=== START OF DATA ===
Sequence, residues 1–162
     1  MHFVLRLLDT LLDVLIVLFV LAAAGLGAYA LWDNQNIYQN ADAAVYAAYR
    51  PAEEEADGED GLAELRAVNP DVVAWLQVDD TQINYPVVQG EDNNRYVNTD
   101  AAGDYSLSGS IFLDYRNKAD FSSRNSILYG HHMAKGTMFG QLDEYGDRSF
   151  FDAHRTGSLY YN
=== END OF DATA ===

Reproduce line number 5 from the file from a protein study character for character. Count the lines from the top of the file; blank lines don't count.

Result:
   151  FDAHRTGSLY YN